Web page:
Useful resources 1Useful Resources 2
PeoplesAncient HistoryEarly HistorySlavery and ColonialismIndependence and After
Middle and Near EastMesopotamian ReligionsClassicalPre-Classical EraNotable PeopleGreek PantheonRoman PantheonAsiaAfrica and EgyptEgyptian PantheonAfrican ReligionsEuropeCeltic MythologyNorse MythologyAmericasMesoamerican ReligionsNative American ReligionsClassics - LiteratureHistoryPhilosophy and ScienceArchitectureMythology
Middle EastAsia
UK GeographyAncient HistoryCeltic MythologyNorman Conquest to RestorationEarly Modern Era20th Century
20th CenturyEnglandFranceFrench Literature and Thought - GeneralPre-17th Century17th and 18th Century19th Century20th CenturyGermanyItalyRussia & Eastern EuropeSpain
Early ChristianityLate AntiquityControversy & CrusadesRenaissance & ReformationEnlightenment & RevivalismModern Era
Judaism - General InformationTerms & Concepts
Country ProfilesGeographyCulture
This is the "France" page of the "History Credo Reference" guide.
Alternate Page for Screenreader Users
Skip to Page Navigation
Skip to Page Content

History Credo Reference  

Last Updated: Nov 14, 2017 URL: http://libguides.warner.edu/HistCredo Print Guide RSS UpdatesEmail Alerts

France Print Page
  Search: 
 

France

  • France: Topic Page
    France is bordered by the English Channel (N), the Atlantic Ocean and the Bay of Biscay (W), Spain and Andorra (SW), the Mediterranean Sea (S), Switzerland and Italy (SE), and Germany, Luxembourg, and Belgium (NE).
  • Bourgeoisie: Topic Page
    Originally the name for the inhabitants of walled towns in medieval France; as artisans and craftsmen, the bourgeoisie occupied a socioeconomic position between the peasants and the landlords in the countryside. The term was extended to include the middle class of France and subsequently of other nations. The word bourgeois has also long been used to imply an outlook associated with materialism, narrowness, and lack of culture.
  • Claude Monet (1840 - 1926): Topic Page
    French landscape painter; the leading exponent of impressionism. His interest in the effect of light on colour led him to paint series of pictures of the same subject at different times of day.
  • Eleanor of Aquitaine: Topic Page
    Queen consort first of Louis VII of France and then of Henry II of England. Daughter and heiress of William X, duke of Aquitaine.
  • Huguenots: Topic Page
    French Protestants, followers of John Calvin. The term is derived from the German Eidgenossen, meaning sworn companions or confederates.
  • Joan of Arc: Topic Page
    Both a historical and mythical figure, Joan of Arc (Jeanne d'Arc, also known as Jeanne la pucelle) was a peasant maid who guided the weak and contested dauphin Charles, son of Charles VI who submitted to English rule in France, into regaining the French crown and territory during the Hundred Years War between France and England (approximate dates, 1337–1457).
  • Victor Hugo: Topic Page
    French novelist, poet, and dramatist.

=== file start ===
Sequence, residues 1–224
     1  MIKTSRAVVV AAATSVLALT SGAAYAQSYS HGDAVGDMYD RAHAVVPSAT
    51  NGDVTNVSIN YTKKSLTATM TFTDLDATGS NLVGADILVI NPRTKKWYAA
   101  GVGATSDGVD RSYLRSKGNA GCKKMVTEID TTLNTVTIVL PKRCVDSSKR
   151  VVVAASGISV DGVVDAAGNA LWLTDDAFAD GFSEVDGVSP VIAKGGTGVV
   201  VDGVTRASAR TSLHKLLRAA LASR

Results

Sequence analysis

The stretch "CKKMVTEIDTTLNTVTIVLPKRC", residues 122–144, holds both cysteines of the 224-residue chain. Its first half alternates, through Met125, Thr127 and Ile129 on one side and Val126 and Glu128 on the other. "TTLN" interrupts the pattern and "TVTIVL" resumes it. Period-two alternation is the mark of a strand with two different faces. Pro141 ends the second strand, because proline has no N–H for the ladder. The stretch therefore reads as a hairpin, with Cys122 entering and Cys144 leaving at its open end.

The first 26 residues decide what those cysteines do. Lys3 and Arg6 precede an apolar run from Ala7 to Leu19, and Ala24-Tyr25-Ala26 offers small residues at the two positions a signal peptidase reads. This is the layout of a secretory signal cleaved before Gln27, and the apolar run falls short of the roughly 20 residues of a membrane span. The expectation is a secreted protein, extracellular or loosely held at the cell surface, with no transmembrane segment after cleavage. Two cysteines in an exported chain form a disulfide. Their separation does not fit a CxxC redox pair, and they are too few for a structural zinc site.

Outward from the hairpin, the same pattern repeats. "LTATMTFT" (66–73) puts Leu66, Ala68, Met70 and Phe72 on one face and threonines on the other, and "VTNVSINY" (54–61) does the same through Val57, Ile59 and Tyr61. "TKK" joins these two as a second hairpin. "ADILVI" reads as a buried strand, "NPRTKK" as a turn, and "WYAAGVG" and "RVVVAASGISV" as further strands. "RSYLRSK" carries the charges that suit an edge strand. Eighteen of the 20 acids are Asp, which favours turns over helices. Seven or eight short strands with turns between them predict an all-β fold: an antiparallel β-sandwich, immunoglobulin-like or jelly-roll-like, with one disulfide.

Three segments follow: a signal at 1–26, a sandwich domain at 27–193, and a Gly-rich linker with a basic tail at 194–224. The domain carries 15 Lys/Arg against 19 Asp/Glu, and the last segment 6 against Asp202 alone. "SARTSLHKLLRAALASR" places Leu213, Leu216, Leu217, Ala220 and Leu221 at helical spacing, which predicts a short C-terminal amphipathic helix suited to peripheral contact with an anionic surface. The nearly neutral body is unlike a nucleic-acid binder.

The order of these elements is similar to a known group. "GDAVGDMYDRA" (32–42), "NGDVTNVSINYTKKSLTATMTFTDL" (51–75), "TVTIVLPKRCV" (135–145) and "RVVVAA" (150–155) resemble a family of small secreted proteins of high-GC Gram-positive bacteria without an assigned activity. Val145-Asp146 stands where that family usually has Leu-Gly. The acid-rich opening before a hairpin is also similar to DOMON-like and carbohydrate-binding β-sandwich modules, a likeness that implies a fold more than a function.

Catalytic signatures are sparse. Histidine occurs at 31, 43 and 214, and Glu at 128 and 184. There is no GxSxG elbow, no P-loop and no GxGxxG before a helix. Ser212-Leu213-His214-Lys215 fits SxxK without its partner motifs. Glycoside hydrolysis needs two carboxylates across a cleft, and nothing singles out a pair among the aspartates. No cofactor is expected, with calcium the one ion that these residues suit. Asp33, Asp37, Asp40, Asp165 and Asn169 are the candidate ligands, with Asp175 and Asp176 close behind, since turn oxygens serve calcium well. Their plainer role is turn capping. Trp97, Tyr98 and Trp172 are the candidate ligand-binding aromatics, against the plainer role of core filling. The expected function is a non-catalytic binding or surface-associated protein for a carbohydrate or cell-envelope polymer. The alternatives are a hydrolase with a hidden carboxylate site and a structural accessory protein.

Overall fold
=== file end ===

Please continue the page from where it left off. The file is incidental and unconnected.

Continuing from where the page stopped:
Kings & Emperors of France

  • Charlemagne, Emperor: Topic Page
    Charlemagne’s influence in both political and social spheres was so great that historians have nicknamed him the “father of Europe.” His use of military force and ability to improvise new systems expanded a struggling western Europe into a strong empire. Additionally, his emphasis on learning created a Carolingian Renaissance that helped form cultural identity in western Europe and laid the groundwork on which the Middle Ages flourished.
  • Louis Philippe I: Topic Page
    king of the French (1830-48), known before his accession as Louis Philippe, duc d'Orléans.
  • Louis XIV: Topic Page
    King of France (1643-1715), son and successor of King Louis XIII.
  • Napoleon I, Emperor of the French, 1769-1821: Topic Page
    French military leader and emperor.
  • Napoleon III, Emperor of the French, 1808-1873: Topic Page
    Napoleon III (Louis Napoleon Bonaparte), 1808-73, emperor of the French (1852-70), son of Louis Bonaparte (see under Bonaparte, family), king of Holland.
  • Versailles: Topic Page
    From 1678 Versailles was the principal residence of the kings of France until 1793, and the seat of government from 1682 to 1789.

French Revolution

  • French Revolution: Topic Page
    Fiscal crises and years of feudal repression were among factors leading to a revolution in France (1789–1799) marked by the storming of the Bastille, the guillotining of Louis XVI, and the Reign of Terror. Although the revolution abolished legal privilege based on birth and guaranteed freedom of religion, its legacy is ambiguous; gains must be seen in the context of the suffering produced by denunciations, purges, executions, and war.
  • French Revolutionary Wars: Topic Page
    Wars occurring in the era of the French Revolution and the beginning of the Napoleonic era, the decade of 1792-1802. The wars began as an effort to defend the Revolution and developed into wars of conquest under the empire
  • Georges Danton: Topic Page
    French statesman and one of the leading figures of the French Revolution.
  • Jacobins: Topic Page
    Patriotic political club of the French Revolution.
  • Jean Paul Marat: Topic Page
    Swiss-born French Revolutionary leader, physician, and journalist.
  • Marie Antoinette: Topic Page
    Queen of France, wife of King Louis XVI and daughter of Austrian Archduchess Maria Theresa and Holy Roman Emperor Francis I.
  • Maximilien Robespierre: Topic Page
    Leader of the Jacobins and one of the leading figures of the French Revolution.
  • Reign of Terror: Topic Page
    From 1793-94, a period of the French Revolution characterized by a wave of executions of presumed enemies of the state. Directed by the Committee of Public Safety, the Revolutionary government's Terror was essentially a war dictatorship, instituted to rule the country in a national emergency.
Description

Loading  Loading...

Tip